Ratings war: Congressional liberal, conservative rankings conflict

The liberal group Media Matters repeatedly attacked the National Journal during the 2008 presidential campaign for rating then Sen. Barack Obama the most liberal senator the year before. Media Matters complained, “Media figures continue to cite National Journal ranking of Obama as ‘most liberal senator’ without noting subjectivity.”

While announcing the congressional rankings, the National Journal didn’t waste time pointing out possible races they could impact. The magazine posted an article titled, “Facing primary threat, Graham rated 33rd most conservative,” referring to South Carolina Republican Sen. Lindsey Graham.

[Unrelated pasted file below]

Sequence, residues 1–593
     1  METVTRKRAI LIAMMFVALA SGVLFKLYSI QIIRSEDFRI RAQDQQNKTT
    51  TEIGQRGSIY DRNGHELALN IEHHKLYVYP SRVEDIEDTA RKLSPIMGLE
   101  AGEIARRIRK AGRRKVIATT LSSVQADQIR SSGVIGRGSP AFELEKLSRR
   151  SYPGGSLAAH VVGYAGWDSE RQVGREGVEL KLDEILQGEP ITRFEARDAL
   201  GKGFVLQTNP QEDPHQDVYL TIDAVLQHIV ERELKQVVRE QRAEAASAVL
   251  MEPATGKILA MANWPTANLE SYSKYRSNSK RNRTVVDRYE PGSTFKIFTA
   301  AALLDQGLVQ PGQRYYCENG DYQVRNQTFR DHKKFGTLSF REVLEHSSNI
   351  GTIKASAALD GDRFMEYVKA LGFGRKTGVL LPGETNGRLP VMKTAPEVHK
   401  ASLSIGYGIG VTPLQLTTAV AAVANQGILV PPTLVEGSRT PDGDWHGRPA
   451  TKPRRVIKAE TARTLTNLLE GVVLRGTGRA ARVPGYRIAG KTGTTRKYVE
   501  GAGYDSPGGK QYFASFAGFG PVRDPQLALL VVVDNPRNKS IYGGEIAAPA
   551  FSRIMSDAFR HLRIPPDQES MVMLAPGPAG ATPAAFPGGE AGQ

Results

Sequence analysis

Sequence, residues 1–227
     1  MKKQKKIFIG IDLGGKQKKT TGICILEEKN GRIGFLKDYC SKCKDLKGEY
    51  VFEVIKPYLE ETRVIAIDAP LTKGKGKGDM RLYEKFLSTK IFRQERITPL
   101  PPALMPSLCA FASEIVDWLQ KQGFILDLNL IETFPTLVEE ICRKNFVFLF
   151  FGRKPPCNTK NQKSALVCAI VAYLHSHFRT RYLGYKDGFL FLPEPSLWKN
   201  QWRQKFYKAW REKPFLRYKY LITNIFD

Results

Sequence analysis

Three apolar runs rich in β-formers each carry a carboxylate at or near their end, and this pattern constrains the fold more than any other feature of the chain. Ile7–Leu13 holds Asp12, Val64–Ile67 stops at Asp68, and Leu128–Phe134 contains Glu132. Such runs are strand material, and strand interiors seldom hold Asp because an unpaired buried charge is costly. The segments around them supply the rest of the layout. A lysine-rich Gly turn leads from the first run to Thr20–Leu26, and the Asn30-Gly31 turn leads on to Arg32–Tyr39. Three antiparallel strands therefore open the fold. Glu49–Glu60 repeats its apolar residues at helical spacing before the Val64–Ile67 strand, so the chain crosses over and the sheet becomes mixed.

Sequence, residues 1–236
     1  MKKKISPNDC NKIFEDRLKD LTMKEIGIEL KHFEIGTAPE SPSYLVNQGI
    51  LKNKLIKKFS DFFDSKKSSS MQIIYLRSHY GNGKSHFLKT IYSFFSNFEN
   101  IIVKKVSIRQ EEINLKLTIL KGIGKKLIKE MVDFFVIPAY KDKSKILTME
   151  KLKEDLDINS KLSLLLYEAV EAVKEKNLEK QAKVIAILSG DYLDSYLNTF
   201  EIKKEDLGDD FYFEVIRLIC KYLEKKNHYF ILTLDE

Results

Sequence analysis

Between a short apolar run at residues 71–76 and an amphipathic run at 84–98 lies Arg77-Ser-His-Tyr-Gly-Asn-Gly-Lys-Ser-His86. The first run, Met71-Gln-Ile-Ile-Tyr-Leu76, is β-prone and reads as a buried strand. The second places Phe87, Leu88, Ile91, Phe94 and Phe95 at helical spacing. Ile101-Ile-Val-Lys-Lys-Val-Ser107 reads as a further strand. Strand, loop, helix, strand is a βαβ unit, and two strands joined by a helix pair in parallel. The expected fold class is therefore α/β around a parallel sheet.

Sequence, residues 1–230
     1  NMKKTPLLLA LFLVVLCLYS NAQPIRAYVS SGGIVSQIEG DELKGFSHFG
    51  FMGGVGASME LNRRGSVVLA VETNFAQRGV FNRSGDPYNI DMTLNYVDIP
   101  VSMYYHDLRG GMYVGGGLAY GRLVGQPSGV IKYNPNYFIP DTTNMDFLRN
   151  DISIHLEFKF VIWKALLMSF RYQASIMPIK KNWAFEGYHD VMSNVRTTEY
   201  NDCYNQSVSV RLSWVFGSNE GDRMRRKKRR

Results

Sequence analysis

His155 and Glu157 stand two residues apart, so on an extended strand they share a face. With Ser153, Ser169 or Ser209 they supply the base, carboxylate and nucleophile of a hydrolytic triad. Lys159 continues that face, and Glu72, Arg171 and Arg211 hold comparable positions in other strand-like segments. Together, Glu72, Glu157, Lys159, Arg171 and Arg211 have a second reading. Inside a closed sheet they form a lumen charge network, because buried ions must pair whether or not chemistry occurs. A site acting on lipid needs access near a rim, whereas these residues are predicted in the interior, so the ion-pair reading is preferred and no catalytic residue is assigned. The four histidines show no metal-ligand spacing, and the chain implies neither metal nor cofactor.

The National Journal also noted that Georgia Republican Rep. Paul Broun, a likely candidate for retiring GOP Sen. Saxby Chambliss’ seat, “logs a surprisingly moderate score in vote ratings.” That would be their vote ratings. The ACU gave him a perfect conservative score.

“There could not be a more critical time for conservatives to evaluate America’s leadership and hold them accountable for their actions,” ACU Chairman Al Cardenas wrote in the group’s ratings guide overview.

Heritage Action released its own ratings earlier this year. South Carolina Republican Sen. Jim DeMint, now president-elect of the Heritage Foundation, and Utah Republican Sen. Mike Lee tied for the top position, while Paul and Rubio tied for second.

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